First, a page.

Saint Lucia botanist crowned Disney Conservation Hero

In 2021, Melvin Smith was honoured as a Conservation Hero by the Disney Conservation Fund for his work to protect native plants in Saint Lucia, including the Critically Endangered Juniperus barbadensis var. barbadensis, known locally as the pencil cedar. To date, Melvin has propagated 300 new pencil cedar trees – a huge boost to the tiny wild population of fewer than 100 individuals.

Malagasy baobab champion wins international award

Director of GTC partner in Madagascar, Julie Hanta Razafimanahaka, was crowned as the winner of the Tusk Award for Conservation in Africa. The award nomination recognises the sixteen years of dedication that Julie has given to conserving Madagascar’s threatened species, over which time she has been key to the establishment of four protected areas in eastern Madagascar and has led Madagasikara Voakajy – our long-term partner NGO in Madagascar – in improving the long-term prospects for the country’s three threatened baobab species. Read Julie’s story here.

Next generation of threatened trees

Island of Flowers… and dragons!

Brava Island – known locally as the Island of Flowers – is home to the endemic Dracaena draco subsp. caboverdeana, or the Cape Verdean dragon tree. This Critically Endangered tree is suffering from uncontrolled livestock grazing and invasive plant species, which outcompete dragon trees in the wild. Our partner in Cape Verde, Biflores, is providing a helping hand to this iconic tree, and is propagating dragon trees in the project nursery for planting out across suitable areas of the island.

A helping hand for endangered oaks

The Morton Arboretum published a Spanish propagation guide for threatened oaks that can be used to support the propagation and conservation of threatened oaks found in Central American countries, including important species like the Endangered Quercus brandegeei and Critically Endangered Quercus insignis from Mexico.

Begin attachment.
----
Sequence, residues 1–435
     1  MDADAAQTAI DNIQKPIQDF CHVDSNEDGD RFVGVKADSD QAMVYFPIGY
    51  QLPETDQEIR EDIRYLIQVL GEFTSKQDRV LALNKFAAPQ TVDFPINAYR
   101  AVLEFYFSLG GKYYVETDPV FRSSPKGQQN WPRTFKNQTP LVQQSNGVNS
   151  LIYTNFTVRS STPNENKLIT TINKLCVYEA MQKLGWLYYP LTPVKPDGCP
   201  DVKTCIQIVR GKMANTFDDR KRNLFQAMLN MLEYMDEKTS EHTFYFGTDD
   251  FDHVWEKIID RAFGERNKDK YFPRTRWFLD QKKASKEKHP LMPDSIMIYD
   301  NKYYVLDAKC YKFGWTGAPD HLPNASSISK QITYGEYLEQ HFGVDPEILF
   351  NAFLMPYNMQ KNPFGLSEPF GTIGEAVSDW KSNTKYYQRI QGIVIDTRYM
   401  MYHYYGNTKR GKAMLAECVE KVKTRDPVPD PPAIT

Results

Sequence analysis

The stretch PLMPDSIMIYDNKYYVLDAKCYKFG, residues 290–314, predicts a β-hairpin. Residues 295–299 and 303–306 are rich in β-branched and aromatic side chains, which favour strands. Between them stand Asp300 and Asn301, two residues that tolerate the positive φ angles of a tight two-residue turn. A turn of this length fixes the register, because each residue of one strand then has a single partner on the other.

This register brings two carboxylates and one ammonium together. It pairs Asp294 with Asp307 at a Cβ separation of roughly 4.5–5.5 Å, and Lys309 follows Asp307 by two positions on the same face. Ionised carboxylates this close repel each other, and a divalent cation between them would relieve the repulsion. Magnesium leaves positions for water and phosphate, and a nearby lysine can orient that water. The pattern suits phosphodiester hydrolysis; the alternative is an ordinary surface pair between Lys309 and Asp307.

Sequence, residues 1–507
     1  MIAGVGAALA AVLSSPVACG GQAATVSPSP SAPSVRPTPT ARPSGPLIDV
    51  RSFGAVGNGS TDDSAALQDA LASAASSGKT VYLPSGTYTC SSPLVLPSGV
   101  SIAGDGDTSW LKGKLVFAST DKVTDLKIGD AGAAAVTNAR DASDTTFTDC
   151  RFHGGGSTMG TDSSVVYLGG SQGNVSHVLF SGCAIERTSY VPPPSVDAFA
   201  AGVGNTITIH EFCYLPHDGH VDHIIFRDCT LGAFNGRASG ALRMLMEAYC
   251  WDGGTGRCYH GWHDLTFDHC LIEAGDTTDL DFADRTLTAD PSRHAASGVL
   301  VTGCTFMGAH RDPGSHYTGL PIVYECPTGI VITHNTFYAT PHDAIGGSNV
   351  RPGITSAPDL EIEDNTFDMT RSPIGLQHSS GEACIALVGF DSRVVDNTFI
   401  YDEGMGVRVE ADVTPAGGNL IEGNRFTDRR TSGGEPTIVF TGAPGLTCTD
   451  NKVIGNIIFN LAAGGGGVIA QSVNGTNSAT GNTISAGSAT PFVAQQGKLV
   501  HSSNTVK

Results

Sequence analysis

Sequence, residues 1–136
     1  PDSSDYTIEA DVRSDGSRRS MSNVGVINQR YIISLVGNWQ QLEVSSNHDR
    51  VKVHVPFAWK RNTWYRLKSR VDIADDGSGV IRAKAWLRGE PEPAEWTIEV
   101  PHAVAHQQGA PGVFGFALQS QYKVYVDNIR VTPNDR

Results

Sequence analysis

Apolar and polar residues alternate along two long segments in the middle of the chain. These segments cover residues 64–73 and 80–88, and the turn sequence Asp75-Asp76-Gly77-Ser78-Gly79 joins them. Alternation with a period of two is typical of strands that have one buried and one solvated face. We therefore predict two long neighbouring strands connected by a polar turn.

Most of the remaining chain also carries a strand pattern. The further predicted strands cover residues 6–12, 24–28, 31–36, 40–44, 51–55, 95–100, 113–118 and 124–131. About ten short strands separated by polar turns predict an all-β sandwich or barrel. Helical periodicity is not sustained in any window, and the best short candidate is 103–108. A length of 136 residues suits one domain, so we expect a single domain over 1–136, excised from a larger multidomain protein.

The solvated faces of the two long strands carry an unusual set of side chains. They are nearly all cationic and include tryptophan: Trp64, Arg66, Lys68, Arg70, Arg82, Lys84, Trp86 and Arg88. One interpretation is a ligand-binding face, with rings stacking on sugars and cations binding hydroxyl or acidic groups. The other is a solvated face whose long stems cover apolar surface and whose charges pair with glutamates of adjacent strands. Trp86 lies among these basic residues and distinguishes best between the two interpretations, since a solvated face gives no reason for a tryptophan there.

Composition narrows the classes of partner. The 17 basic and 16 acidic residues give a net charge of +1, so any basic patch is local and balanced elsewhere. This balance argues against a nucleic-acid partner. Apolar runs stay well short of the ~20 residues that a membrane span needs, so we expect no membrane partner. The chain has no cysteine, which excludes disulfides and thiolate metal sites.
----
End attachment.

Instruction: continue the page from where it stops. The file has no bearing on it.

Threatened trees of Mauritius

Restoration of threatened trees on Mauritius brings unique challenges. With species sometimes down to the last few individuals, natural regeneration may not be an option. Climate change and human impacts may have shifted plant flowering or changed interactions with pollinators or dispersers. There may also be difficulties reproducing, due to low numbers of individual trees spread out across landscapes, limiting the chance of cross-pollination. Or introduced and invasive species might cause problems. GTC has been trying to deal with some of these challenges for a select few of the many threatened species from the island.

We are extremely proud of and grateful to all our partner staff, organisations and initiatives around the world for their work in 2021. Here’s to another exciting year for threatened tree conservation!


Written by Sarah Pocock

Sarah was the Programme Officer for Plant Conservation at Fauna & Flora International, where she supported FFI's teams and partners to conserve threatened plant species.